Building a Robust Measurement Framework
Choosing what to measure the most important aspect of building great campaigns that drive nonlinear business results. If you’ve found someone who has cost per click as their be-all, end-all measurement, don’t walk… run!
Your measurement plans should be somewhat unique to you as a business. A home services company should not measure the same things as a retailer. A lawyer does not have the same ultimate goals as an app company.
Building a Measurement Framework
It’s incredibly rare that you’ll want to measure just one thing. You should have an ultimate goal of sales, but in complex purchases, it’s rare that managing to sales alone will get you the results you desire.
Especially with new customers, seeing one advertisement in one place is unlikely to yield the ultimate goal you want. But, one advertisement can yield a goal that gets them closer to the ultimate goal.
As you’re building your measurement framework, think through these micro-conversions that help your potential customers draw closer to your goal.
A home services company may ultimately want the customer to buy a new AC unit, but that’s going to take a bit of convincing. Gathering more people on an email list, building a relationship through maintenance of the customer’s current unit, and doing regular inspections and tune-ups are all steps that will make the customer far more receptive to the large-ticket purchase.
For that home services company, good campaigns might manage towards appointments booked (for any service) knowing that at some point, all AC units will die. The campaign will measure number of AC installs and marketing cost per AC install, but it will manage to appointments booked. The campaign managers should keep an eye on marketing cost per new email signup (and conversion from email signups to appointment signups) to keep the entire funnel healthy.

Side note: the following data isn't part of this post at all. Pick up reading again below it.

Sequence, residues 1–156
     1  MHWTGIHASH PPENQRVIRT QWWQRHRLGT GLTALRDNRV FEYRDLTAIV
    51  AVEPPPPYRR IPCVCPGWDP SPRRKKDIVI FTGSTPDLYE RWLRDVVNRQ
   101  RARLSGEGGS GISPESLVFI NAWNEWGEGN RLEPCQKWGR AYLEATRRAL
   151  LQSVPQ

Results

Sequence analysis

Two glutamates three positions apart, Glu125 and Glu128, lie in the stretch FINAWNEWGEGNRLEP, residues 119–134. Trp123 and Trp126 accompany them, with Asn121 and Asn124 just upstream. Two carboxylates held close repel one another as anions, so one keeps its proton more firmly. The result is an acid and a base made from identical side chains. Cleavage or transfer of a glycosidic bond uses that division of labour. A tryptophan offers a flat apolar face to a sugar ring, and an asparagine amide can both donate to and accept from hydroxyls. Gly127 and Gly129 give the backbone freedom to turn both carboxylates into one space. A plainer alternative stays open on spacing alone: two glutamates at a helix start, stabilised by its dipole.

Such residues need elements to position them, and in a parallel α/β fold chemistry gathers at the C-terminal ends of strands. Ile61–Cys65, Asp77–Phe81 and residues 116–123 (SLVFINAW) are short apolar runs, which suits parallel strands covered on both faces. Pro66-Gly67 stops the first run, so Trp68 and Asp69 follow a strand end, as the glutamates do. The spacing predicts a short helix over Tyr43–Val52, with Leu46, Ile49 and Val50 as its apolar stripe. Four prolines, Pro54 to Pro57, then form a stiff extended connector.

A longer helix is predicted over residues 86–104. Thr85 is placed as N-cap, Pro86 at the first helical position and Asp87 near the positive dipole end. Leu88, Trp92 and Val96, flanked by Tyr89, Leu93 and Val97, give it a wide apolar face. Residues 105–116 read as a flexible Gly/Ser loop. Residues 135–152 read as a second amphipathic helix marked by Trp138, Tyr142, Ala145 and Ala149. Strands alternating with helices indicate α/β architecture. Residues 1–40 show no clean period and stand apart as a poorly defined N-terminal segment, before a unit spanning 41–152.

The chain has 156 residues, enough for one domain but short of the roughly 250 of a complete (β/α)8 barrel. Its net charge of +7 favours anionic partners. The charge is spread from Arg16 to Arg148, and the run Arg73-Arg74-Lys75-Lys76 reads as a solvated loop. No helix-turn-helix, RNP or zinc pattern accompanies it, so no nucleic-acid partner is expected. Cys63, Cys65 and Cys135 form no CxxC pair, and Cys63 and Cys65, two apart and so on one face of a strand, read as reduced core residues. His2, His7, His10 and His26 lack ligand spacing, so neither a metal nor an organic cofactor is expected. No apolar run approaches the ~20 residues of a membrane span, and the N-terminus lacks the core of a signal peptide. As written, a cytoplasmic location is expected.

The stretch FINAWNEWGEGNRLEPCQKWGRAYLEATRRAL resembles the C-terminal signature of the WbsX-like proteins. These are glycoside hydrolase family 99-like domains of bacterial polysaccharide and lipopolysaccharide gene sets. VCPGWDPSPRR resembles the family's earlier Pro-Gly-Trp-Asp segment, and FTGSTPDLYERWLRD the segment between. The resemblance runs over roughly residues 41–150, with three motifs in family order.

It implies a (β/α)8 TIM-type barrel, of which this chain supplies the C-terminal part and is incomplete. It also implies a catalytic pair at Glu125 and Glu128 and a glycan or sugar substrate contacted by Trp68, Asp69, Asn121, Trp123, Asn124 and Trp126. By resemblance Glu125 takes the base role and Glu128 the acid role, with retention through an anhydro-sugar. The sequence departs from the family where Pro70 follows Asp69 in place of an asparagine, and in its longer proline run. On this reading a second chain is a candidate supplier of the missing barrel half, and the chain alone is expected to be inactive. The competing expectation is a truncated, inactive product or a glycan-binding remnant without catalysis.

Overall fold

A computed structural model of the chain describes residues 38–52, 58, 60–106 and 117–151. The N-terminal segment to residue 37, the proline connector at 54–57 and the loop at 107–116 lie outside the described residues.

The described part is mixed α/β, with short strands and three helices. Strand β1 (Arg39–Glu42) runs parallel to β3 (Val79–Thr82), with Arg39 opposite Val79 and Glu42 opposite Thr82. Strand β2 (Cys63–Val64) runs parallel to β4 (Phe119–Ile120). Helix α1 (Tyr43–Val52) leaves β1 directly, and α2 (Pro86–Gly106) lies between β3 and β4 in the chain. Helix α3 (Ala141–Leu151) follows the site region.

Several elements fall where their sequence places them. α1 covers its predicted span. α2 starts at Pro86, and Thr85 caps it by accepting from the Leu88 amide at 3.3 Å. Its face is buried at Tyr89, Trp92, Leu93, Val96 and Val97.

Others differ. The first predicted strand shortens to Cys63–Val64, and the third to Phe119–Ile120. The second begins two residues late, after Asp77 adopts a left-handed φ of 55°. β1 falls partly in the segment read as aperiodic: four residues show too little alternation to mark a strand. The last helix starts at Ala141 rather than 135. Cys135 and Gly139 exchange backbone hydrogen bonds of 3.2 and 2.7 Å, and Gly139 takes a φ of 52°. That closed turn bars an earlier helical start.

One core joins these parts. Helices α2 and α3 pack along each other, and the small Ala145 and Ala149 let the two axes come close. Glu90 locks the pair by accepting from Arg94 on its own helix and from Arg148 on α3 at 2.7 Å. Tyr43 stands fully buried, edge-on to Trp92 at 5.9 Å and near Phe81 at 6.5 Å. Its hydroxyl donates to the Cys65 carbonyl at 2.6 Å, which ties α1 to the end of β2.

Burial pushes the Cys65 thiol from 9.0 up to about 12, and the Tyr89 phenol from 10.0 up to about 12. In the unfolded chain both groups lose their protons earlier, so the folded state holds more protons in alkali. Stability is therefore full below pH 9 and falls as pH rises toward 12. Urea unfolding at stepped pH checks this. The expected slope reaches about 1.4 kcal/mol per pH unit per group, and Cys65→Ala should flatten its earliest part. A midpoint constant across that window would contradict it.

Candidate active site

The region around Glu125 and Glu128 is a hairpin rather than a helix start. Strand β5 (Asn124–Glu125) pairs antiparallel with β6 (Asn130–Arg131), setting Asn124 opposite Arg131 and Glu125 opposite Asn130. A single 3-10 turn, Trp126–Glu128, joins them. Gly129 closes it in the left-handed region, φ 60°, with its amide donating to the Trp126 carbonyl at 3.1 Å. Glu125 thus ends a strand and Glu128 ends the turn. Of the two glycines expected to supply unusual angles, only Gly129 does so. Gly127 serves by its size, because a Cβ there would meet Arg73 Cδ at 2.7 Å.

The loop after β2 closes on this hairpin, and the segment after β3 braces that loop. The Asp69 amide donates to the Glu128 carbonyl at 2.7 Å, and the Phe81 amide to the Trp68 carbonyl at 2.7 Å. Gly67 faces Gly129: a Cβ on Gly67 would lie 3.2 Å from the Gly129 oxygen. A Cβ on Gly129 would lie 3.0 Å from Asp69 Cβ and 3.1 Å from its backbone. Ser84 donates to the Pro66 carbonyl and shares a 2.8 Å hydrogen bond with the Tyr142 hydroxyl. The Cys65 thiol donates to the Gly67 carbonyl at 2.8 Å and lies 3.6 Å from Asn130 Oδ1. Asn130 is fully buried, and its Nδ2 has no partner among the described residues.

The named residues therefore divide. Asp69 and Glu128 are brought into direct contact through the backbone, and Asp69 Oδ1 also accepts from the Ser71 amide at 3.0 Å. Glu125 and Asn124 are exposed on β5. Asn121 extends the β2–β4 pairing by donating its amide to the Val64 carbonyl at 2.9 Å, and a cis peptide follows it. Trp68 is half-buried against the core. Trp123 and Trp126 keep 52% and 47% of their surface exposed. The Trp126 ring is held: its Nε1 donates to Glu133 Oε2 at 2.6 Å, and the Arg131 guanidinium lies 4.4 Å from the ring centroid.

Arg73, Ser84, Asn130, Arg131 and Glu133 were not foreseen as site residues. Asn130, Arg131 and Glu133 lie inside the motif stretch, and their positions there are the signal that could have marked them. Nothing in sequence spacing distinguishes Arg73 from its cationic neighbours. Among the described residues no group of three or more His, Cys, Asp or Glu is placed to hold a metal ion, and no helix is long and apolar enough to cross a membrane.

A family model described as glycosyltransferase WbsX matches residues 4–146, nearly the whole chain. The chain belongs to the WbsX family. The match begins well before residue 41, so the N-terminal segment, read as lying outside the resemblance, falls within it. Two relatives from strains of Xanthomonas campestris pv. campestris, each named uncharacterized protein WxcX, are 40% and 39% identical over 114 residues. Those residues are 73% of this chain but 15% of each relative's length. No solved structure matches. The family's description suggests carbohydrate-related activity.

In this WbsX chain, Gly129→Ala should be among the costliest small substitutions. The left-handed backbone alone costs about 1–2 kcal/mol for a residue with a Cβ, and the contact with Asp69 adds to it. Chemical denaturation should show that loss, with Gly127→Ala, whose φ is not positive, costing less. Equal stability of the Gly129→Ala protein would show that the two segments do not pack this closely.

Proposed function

Ultimately, building a measurement plan is about making sure that the business funnel is full and using marketing tactics to fill the various stages of the funnel.
Common Measurement Mistakes
Not Accounting for What Gets Measured Gets Managed
Whatever you decide to measure, make sure that you’re ok with it being managed to. This is one of the reasons surface measurements like cost per click or cost per impression lead to terrible results. When your team is so busy managing to those, they’re not managing to the end goal you need.
Not Defining Conversion Terms VERY Closely
When you’re having conversations about conversions, being painfully accurate about what a conversion really means. If you’re an app developer whose app has a signup process, one person at the table wanting to measure the campaigns to “downloads” could mean “downloads of the app who have also signed up to create an account.” Another person could believe downloads to mean “app installs on a phone” without including the account signup process.
Those two will be managing to very different expectations of the campaign. It’s worth taking the time to define the terms and make sure everyone knows what is, and what is not, a conversion.
Ignoring Secondary Metrics
While cost per click is a terrible way to measure a campaign, it’s still an important signal of health. It’s also an important element to manage in search of campaign efficiency.
There is a critical distinction between campaign performance discussions and campaign optimization discussions. Campaign performance discussions focus on the key metrics to manage the campaigns to, and how the campaigns are performing against those goals. Campaign optimization discussions focus on how to get the campaigns to perform better against those goals.
Cost per click, cost per view and other similar metrics have an important place at the optimization table. Managing those in relation to the key metrics is critical. However, they are not performance measures.
How to Get to Deeper Measurement
It’s harder to track and manage deeper measurements than it is surface-metrics. It’s also far more valuable.
If you’ve been looking at surface-level campaign measurement, the first thing to do in building more robust metrics is to make sure you have the technical infrastructure for better management. You cannot expect deep and rich insights if you don’t have any data to pull from.
Your app or website should have Google Tag Manager or another tag management system installed. You should do a tracking audit to make sure that you have the ability to track what you need to. And then, you can tie it all together.
Double check your tracking to make sure everything is firing correctly. Then, you’ll be off to the races.